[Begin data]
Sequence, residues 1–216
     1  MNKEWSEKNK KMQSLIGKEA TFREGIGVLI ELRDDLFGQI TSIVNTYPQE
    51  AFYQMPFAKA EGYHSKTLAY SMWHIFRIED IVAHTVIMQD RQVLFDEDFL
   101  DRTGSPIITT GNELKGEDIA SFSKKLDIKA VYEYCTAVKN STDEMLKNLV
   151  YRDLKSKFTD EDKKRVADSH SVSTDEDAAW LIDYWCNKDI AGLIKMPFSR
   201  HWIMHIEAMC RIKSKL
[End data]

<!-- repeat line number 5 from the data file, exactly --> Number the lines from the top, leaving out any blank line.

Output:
   151  YRDLKSKFTD EDKKRVADSH SVSTDEDAAW LIDYWCNKDI AGLIKMPFSR